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Influences of maternal nutrient restriction and arginine supplementation on visceral metabolism and hypothalamic circuitry of offspring
- Ligia D. Prezotto, Jennifer F. Thorson, Pawel P. Borowicz, Jena L. Peine, Michelle Bedenbaugh, Stanley M. Hileman, Clay A. Lents, Joel S. Caton, Kendall C. Swanson
- Domestic animal endocrinology 2018 v.65 pp. 71-79
- arginine, diet, energy, energy metabolism, ewes, feeding behavior, hypothalamus, jejunum, lambs, liver, neuronal nitric oxide synthase, neurons, neuropeptide Y, nutrient requirements, nutritional intervention, oxygen, oxygen consumption, parturition, pregnancy, pro-opiomelanocortin, progeny, protein synthesis, staining, transactivators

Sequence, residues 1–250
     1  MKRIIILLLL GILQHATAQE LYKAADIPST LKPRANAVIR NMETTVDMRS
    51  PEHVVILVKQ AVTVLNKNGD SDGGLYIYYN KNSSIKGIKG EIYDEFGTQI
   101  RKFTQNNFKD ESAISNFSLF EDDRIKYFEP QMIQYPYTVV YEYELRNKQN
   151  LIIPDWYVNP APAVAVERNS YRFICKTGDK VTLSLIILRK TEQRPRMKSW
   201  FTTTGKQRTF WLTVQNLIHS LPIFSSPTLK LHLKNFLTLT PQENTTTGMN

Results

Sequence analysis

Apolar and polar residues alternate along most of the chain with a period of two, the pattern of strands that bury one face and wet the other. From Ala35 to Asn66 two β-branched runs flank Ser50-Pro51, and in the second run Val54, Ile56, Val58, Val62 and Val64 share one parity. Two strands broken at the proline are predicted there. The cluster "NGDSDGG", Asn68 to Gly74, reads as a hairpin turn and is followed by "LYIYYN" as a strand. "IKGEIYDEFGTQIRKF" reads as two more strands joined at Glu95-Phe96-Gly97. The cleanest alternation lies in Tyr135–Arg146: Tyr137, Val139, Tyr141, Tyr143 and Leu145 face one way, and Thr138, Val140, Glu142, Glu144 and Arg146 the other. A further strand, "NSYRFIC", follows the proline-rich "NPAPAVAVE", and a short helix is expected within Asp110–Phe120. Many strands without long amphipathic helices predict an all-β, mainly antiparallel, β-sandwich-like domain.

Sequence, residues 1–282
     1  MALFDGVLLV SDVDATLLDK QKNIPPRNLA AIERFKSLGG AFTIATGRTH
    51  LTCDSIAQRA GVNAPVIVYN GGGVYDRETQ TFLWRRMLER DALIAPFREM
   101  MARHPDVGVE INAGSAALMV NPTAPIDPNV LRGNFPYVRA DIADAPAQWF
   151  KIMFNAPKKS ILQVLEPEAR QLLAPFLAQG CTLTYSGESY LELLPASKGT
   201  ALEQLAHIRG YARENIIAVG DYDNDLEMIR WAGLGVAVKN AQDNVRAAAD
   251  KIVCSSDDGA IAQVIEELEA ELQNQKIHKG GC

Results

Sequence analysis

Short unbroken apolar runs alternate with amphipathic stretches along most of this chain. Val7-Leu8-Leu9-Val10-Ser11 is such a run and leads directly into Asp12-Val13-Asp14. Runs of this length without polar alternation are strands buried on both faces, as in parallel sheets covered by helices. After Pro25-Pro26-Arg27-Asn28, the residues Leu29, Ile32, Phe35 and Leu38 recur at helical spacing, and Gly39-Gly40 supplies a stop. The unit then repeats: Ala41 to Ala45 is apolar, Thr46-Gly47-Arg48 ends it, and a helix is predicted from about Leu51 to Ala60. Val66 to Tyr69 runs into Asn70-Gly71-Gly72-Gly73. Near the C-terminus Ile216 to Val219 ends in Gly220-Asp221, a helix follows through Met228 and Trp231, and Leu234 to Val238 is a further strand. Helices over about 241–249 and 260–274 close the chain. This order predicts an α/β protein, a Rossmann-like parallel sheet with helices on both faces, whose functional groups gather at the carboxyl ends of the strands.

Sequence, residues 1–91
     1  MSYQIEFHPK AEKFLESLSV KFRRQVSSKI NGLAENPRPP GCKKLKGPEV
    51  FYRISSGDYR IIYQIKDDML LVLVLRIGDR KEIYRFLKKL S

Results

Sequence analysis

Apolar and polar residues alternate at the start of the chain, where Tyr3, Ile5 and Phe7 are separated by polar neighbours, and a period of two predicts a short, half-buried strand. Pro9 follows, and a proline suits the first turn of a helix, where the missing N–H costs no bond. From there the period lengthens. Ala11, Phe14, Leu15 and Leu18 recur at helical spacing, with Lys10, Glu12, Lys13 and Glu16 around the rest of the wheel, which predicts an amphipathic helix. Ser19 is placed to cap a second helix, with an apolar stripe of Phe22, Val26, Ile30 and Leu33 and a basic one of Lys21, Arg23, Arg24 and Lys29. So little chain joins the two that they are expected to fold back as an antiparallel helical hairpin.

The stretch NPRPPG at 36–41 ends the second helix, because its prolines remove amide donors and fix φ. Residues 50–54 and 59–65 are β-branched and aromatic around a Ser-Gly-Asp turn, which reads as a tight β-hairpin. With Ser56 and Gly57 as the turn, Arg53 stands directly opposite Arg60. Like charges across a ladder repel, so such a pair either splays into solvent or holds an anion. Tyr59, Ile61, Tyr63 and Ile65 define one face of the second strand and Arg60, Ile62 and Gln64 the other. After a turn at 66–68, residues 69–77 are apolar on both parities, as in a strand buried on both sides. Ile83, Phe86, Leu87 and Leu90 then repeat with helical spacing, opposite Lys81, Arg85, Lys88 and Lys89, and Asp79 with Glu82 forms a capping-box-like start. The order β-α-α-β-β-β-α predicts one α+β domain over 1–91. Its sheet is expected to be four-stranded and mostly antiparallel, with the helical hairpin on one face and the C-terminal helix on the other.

- Maternal nutrient restriction during gestation can exert long-term negative effects on offspring health and performance. Arginine supplementation may rescue some of the negative effects elicited by maternal nutrient restriction. We tested the hypothesis that maternal arginine supplementation during gestation would rescue deleterious effects of nutrient restriction on in vitro O2 consumption in the liver and jejunum and hypothalamic protein expression of proopiomelanocortin (POMC), neuropeptide Y (NPY), agouti-related peptide (AgRP), and neuronal nitric oxide synthase (nNOS), and the colocalization of nNOS and active phosphor-signal transducer and activator of transcription 3 (pSTAT3) in female offspring. Multiparous ewes were assigned to dietary treatment at 54 d of gestation: 100% of requirements (Con), 60% of control (Res), or Res plus rumen-protected arginine (Res-Arg; 180 mg/kg). At parturition, offspring were immediately removed from their dam and placed on a common diet. At 54 ± 4 d of age, female lambs (n = 6 per treatment) were weighed, the liver and jejunum were weighed, and samples were collected for in vitro measurement of O2 consumption. The hypothalamus was collected to determine protein expression of POMC, NPY, AgRP, and nNOS, and the colocalization of nNOS and pSTAT3 (n = 3, 4, and 4 for Con, Res, and Res-Arg, respectively). Hepatic consumption of O2 in vitro (mol/min/liver) was decreased (P = 0.04) in the Res and Res-Arg group compared with Con. Intensity of staining for NPY-containing fibers tended to decrease (P = 0.10) in Res and Res-Arg compared with Con. Number of POMC neuronal cells in the arcuate nucleus (ARC) of the hypothalamus decreased (P ≤ 0.03) in the Res group compared with Res-Arg. These observations demonstrate that maternal nutrient restriction decreases energy utilization in the liver and number of POMC cells in the ARC of offspring. Supplementation of arginine to the gestating ewe failed to influence hepatic use of energy in lambs from Res ewes. Numbers of POMC-containing cells were increased in the ARC in lambs from ewes restricted to 60% of nutritional requirements and supplemented with rumen-protected arginine, potentially influencing feeding behavior and hepatic energy metabolism.